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Measuring music

Posted by: , Posted on: - Categories: IP research

The question most often asked of UK Music since its inception (2008) has been: 'What is the value of the UK music industry?'

That question, and the search for an answer that could meet the IPO's Standards of Good Evidence, led to the Measuring Music project.

Measuring Music is the only comprehensive study of the UK music industry’s contribution to the British economy in terms of Gross Value Added (GVA), jobs and exports. We have measured 2012 and 2013 to date and every subsequent year of Measuring Music will help build a data roadmap for policy makers.

UK Music is committed to long term support for this project.

How do you measure the music industry?

Most trade bodies report their economic contribution by referring to Office of National Statistics (ONS) figures. But, as DCMS conceded earlier this year, standard industry classification and occupation codes (SIC & SOC): “do not allow the contribution of music to be satisfactorily identified in a separate category” (DCMS, Creative Industry Economic Estimates, 2014). ONS is constrained by these codes which are internationally agreed.

We look forward to working with DCMS and ONS to improve these codes, but UK Music needed an accurate measurement of our economic contribution before reform is possible.

Working together

Realising we would have to create our own methodology while the SIC and SOC codes remain as they are, the members of UK Music agreed to aggregate industry data under the management of economist Jonathan Todd. Our members showed great trust with their commercial figures and special thanks must go to the 900 composers, musicians, singers and songwriters who completed an economic survey for 2013 activity. Those 900 responses secured a 260% increase in the number of survey responses in 2012, Year 1 of the project.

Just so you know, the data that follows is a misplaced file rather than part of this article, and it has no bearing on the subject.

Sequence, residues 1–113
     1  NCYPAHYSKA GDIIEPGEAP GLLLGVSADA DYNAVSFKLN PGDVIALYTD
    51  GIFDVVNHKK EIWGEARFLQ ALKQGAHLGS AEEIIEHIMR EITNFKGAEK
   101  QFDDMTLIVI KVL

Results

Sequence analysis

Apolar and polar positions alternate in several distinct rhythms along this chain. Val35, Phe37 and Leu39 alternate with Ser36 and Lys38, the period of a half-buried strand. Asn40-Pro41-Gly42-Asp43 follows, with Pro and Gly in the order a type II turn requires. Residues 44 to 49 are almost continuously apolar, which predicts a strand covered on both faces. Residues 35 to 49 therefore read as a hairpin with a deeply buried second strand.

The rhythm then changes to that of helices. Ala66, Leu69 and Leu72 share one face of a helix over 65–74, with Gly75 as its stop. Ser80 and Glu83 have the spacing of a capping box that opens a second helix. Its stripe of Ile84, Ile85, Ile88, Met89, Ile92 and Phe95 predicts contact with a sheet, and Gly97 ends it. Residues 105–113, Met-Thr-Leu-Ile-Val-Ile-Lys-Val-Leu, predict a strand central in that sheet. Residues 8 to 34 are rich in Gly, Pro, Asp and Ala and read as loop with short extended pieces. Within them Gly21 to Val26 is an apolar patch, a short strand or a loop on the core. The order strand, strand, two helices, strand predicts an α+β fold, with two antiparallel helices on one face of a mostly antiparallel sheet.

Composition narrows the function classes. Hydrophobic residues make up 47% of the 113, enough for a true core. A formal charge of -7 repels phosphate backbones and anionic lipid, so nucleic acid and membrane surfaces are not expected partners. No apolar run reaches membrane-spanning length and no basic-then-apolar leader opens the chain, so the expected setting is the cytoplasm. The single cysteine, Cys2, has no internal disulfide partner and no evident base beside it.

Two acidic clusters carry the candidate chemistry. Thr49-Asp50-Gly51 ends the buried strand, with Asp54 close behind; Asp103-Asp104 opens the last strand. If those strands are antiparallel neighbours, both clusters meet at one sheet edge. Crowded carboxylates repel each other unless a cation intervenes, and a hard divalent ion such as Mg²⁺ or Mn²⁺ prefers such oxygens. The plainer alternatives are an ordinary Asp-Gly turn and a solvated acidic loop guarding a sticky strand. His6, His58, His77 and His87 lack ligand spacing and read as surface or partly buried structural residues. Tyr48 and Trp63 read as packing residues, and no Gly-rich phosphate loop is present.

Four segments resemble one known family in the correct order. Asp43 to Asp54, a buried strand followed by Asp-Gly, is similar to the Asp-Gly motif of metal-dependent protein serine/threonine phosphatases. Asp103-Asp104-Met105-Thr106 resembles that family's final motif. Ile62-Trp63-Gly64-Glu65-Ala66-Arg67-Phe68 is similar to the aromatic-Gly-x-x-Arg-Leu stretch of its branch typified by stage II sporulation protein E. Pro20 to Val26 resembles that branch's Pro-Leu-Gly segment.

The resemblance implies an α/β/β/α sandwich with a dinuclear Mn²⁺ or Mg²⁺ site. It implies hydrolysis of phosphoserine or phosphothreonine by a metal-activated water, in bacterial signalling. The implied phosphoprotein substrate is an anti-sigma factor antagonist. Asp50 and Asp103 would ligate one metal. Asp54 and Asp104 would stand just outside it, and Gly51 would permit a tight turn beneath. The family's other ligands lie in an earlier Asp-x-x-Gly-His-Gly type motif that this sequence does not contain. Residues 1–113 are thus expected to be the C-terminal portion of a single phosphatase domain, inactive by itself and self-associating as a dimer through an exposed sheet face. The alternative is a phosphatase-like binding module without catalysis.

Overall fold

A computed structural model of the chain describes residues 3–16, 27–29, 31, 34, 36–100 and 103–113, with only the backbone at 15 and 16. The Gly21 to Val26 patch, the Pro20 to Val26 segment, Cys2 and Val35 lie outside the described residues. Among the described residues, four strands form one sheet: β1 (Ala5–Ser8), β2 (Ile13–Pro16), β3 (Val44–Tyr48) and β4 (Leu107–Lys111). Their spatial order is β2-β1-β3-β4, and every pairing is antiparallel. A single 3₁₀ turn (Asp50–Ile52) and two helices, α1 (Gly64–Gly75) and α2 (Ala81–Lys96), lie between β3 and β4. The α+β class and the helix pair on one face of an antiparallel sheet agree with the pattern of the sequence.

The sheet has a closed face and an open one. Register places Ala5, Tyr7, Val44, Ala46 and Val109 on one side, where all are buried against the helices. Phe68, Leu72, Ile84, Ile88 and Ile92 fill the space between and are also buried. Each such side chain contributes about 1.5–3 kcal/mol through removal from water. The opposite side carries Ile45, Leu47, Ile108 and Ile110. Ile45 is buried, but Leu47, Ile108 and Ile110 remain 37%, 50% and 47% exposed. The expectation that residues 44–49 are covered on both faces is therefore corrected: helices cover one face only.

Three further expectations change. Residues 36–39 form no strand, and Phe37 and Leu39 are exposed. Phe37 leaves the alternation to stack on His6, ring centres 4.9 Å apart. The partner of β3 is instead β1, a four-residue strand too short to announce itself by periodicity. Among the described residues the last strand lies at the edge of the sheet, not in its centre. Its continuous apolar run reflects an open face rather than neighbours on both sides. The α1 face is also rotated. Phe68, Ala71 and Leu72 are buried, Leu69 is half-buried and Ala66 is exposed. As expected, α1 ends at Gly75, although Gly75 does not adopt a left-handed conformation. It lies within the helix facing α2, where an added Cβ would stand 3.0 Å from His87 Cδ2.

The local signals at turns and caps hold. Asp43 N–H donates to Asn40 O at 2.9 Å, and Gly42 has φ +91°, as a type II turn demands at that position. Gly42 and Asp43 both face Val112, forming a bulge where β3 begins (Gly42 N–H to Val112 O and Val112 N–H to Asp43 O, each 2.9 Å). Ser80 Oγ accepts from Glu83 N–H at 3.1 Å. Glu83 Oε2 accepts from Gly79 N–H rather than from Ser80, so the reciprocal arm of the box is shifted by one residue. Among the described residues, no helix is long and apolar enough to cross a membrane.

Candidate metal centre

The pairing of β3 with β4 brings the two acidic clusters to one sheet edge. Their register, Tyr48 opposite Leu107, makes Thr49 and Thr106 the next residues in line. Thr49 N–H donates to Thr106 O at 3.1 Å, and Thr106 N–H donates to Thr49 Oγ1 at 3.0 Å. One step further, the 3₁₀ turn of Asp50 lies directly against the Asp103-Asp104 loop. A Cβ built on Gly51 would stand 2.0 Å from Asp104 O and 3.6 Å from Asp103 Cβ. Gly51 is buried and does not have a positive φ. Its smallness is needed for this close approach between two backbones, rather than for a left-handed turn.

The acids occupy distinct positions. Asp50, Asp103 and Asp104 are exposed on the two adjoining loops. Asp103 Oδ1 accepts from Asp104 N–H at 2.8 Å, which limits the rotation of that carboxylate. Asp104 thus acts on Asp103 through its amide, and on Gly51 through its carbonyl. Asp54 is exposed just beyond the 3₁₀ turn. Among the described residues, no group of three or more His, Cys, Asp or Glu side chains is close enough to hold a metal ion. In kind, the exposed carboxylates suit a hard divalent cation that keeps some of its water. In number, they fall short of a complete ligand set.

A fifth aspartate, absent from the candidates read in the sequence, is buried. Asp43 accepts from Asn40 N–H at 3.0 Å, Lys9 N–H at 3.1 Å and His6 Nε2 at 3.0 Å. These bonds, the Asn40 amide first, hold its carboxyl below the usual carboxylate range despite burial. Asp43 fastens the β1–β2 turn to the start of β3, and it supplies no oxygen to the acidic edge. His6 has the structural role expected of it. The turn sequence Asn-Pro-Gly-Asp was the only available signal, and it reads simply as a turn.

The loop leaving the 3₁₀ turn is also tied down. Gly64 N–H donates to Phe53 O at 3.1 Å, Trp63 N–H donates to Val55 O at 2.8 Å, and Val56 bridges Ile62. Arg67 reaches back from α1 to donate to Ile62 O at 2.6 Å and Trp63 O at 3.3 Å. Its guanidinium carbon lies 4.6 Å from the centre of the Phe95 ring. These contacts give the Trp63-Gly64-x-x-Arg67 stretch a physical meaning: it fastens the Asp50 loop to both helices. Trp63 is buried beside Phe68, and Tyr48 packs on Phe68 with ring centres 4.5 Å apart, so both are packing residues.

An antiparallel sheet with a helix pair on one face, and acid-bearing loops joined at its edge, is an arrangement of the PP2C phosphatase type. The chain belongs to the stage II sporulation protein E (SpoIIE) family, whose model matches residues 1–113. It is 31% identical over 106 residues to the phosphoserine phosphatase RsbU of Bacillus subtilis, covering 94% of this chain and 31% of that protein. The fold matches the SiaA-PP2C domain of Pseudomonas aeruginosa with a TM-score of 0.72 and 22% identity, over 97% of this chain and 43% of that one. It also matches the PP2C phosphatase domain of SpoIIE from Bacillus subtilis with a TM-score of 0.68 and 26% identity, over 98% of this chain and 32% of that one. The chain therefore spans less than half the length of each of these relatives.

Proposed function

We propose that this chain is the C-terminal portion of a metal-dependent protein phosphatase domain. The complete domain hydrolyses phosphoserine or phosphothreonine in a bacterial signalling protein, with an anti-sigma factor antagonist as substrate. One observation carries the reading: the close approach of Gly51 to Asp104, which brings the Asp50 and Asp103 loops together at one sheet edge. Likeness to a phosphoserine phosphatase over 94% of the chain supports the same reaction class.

As our members become used to the process, and as awareness rises, the richness of our data will improve. The study was peer reviewed by Oxford Economics while UK Music discussed methodology with the IPO, DCMS, NESTA and ONS. We will continue to work collaboratively and transparently with these partners to further improve the analysis.

UK Music exists to help create the best public policy for the music industry.

Measuring Music brings us closer to achieving this goal.

What next?

This is a long-term project in its infancy. With the help of our members and our partners, Measuring Music will become the accepted economic map for those considering music policy for the future.

The challenge from the IPO is how can this be replicated in other sectors?

We and the IPO would be very happy to talk to anyone interested.

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  1. Comment by Harry Rise posted on

    However I notice that the link to Poptop doesn't work now? This just says that the website is for sale

    I searched for a similar organisation that helps musicians and singers find work - for example features artistes available to contact and book throughout the UK.

  2. Comment by Antonio Valente posted on

    In Italy we look at UK music industry (ad of course talents) as an example. I believe that it is not easy to give a "number" or a specific "weight" to UK music industry value but it is, undoubtly, huge

    • Replies to Antonio Valente>

      Comment by Eugene posted on

      But still numbers are very importnant. They define how big the market and how big the influence is. Of course cultural aspect is all beyond....but......

      Another point - I think inroducint services like <a href="; rel="nofollow">Poptop UK</a> to music industry will help understandng the music market beetter with more data about avergae pricing and number of gigs made.

      • Replies to Eugene>

        Comment by Harry Rise posted on

        Poptop looks helpful, thanks for introducING